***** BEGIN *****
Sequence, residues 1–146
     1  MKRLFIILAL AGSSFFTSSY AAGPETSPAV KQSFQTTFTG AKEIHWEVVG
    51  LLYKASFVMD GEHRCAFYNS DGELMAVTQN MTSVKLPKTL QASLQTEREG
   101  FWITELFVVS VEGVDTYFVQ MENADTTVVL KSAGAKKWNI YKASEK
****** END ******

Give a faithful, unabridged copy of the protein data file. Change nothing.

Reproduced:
Sequence, residues 1–146
     1  MKRLFIILAL AGSSFFTSSY AAGPETSPAV KQSFQTTFTG AKEIHWEVVG
    51  LLYKASFVMD GEHRCAFYNS DGELMAVTQN MTSVKLPKTL QASLQTEREG
   101  FWITELFVVS VEGVDTYFVQ MENADTTVVL KSAGAKKWNI YKASEK